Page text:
Keith Jarrett began playing improvised solo concerts in 1973, establishing himself as a major figure in the jazz piano tradition.
The performances drew on a new conception of form suggested by free jazz, one which posited a new kind of relationship between a performer and the musical constraints suggested by a composition. This new approach to performance allowed musicians to reconfigure formal conception in the moment, rather than being tied to an invariant set of constraints.
Jarrett’s solo concerts also drew on an aesthetic view of performance that emerged from free jazz, which saw music making as tapping into a divine source of inspiration. The context in which he performed promoted this conception by giving such dramatic weight to the process of improvisation.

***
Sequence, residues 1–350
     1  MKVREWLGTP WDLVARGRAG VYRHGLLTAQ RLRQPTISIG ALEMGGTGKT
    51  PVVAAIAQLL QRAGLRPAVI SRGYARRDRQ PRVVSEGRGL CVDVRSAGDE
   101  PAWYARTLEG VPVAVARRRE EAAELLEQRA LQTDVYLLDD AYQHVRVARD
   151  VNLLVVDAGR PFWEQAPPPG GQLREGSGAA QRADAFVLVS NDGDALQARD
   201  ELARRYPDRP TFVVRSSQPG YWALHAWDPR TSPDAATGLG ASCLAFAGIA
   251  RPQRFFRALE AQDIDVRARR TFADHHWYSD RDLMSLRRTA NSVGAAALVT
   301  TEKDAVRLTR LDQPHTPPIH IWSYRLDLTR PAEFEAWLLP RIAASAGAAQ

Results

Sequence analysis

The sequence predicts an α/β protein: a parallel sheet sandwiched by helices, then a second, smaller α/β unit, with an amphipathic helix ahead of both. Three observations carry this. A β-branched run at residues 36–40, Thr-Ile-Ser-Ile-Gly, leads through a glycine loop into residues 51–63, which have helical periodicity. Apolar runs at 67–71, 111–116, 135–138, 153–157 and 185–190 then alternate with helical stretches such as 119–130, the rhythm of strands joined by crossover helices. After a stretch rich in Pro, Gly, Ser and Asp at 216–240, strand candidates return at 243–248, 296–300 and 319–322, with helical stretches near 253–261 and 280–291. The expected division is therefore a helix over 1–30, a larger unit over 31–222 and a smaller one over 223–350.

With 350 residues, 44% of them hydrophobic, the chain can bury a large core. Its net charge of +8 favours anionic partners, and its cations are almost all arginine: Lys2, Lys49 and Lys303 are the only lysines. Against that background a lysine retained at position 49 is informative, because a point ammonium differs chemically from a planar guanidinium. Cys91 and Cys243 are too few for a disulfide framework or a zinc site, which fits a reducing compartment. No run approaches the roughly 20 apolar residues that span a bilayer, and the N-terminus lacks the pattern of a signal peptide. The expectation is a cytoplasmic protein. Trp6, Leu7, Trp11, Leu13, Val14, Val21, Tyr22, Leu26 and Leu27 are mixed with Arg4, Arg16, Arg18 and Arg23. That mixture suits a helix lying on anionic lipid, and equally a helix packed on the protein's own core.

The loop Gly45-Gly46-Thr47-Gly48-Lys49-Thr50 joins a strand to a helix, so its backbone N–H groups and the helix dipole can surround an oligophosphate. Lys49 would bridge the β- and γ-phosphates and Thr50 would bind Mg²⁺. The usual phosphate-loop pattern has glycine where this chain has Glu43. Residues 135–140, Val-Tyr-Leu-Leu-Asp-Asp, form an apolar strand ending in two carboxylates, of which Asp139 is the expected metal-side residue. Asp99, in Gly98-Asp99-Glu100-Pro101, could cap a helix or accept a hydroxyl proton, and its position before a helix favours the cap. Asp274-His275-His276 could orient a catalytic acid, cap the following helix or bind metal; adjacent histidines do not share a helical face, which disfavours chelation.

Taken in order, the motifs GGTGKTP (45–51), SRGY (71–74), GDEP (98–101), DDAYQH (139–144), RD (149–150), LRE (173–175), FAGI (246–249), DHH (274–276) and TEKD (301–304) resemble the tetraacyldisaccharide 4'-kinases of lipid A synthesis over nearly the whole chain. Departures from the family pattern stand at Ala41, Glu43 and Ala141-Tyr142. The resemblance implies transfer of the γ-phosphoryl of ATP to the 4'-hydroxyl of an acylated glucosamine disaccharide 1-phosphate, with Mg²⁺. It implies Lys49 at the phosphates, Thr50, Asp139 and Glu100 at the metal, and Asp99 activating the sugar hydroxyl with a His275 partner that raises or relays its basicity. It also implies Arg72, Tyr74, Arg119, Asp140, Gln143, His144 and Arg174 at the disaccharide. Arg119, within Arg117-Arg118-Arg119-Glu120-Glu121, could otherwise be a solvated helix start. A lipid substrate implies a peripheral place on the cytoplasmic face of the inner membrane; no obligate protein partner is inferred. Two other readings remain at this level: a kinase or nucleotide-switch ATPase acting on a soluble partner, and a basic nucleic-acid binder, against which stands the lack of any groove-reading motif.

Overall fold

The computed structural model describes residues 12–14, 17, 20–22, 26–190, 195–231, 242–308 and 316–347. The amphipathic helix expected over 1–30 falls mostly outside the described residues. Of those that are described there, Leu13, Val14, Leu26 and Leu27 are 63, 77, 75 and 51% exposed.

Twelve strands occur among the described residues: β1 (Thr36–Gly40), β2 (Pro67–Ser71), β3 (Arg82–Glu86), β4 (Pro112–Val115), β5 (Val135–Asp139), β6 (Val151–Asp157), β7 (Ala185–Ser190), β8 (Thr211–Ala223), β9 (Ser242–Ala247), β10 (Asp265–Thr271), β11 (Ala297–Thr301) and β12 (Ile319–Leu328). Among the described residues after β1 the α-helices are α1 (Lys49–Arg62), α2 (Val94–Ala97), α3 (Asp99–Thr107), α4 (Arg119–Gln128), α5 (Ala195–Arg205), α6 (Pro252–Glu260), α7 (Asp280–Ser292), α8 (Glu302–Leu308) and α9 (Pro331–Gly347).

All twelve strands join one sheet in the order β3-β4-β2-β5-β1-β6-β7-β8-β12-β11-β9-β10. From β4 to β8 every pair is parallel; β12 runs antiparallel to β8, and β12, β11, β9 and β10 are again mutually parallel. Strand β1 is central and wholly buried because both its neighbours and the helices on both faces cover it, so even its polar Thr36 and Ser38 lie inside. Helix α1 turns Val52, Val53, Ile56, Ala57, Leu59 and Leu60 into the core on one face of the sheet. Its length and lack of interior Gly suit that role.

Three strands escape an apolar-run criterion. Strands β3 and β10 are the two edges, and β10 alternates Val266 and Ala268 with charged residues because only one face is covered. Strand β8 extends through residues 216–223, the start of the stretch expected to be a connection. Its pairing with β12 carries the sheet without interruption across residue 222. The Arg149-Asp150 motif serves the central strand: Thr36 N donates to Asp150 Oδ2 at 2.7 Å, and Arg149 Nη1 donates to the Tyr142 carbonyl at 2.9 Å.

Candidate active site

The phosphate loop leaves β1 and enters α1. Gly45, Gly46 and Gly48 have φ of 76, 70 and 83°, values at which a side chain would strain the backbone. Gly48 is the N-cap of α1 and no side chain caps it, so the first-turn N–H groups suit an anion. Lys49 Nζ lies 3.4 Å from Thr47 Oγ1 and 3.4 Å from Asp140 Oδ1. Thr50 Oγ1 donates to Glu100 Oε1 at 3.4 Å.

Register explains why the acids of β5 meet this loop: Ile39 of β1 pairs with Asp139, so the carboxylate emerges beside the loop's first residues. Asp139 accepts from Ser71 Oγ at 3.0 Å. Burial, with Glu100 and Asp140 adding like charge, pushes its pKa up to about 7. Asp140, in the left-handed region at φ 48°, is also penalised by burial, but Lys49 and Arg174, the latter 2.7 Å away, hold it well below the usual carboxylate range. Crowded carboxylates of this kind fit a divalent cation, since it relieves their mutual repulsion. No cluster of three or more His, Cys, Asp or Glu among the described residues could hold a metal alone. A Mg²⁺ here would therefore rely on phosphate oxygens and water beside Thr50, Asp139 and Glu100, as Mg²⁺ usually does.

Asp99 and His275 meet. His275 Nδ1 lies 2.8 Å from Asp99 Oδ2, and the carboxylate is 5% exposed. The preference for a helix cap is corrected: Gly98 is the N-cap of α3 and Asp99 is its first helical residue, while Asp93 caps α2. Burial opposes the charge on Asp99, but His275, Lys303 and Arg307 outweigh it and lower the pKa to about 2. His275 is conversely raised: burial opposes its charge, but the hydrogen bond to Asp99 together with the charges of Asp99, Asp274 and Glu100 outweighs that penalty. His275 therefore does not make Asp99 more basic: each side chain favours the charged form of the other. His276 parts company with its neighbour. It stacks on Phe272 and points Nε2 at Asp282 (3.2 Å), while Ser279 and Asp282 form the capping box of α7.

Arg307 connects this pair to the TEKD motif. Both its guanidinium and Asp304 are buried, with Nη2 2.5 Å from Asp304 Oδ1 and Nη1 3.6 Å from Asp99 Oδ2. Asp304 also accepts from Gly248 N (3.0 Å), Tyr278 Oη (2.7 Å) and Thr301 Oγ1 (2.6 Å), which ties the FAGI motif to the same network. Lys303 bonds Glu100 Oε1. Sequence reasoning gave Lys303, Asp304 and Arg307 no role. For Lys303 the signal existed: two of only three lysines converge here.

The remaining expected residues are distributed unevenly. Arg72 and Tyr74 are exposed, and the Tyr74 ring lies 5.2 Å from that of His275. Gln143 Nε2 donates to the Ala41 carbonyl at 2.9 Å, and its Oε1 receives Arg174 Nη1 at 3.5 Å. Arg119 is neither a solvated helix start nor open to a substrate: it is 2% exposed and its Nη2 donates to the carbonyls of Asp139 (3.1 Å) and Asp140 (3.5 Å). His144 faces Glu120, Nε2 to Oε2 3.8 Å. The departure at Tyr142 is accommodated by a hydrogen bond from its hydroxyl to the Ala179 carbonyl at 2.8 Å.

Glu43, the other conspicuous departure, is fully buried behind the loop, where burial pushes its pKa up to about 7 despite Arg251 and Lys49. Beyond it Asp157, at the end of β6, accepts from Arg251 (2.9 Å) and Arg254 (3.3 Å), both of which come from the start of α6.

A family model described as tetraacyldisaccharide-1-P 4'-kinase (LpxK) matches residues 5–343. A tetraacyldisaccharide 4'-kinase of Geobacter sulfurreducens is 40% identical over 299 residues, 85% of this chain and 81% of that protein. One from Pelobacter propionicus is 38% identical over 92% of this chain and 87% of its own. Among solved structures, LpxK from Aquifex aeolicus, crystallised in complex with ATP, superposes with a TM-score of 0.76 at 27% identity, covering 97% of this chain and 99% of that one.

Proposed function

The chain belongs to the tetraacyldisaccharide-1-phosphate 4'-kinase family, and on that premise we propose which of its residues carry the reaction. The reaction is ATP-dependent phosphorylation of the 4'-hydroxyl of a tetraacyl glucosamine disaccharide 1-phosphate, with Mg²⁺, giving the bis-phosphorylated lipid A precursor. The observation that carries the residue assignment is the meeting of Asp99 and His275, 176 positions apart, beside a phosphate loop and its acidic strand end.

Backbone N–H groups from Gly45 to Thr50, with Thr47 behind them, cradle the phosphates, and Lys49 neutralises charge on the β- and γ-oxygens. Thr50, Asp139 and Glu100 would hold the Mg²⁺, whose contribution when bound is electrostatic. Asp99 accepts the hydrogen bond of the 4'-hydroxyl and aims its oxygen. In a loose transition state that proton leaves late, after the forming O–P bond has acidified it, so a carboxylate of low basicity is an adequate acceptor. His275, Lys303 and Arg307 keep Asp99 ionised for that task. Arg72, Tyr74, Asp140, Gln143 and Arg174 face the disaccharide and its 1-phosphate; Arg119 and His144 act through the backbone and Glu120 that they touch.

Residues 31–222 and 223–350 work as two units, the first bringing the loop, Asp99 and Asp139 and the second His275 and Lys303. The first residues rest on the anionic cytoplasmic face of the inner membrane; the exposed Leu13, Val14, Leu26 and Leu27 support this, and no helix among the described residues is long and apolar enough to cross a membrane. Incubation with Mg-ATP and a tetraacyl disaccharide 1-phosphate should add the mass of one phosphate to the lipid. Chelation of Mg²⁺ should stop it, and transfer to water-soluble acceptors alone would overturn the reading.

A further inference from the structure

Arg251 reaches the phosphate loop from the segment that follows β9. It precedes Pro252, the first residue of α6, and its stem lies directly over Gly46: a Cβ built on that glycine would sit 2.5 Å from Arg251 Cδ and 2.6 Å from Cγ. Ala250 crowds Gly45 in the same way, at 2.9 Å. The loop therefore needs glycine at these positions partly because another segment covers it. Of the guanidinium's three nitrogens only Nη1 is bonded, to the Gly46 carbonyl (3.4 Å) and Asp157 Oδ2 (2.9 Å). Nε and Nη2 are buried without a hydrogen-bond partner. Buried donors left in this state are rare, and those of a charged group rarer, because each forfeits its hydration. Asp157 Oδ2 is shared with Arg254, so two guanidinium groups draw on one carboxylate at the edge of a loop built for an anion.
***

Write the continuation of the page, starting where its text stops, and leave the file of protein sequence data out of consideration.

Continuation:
This according to Keith Jarrett’s solo concerts and the aesthetics of free improvisation, 1960–1973 by Peter Stanley Elsdon, a dissertation accepted by the University of Southampton in 2001.
Today is Jarrett’s 70th birthday! Above, performing solo in 1974; below, part of the 1973 Lausanne concert, a performance analyzed in Elsdon’s dissertation.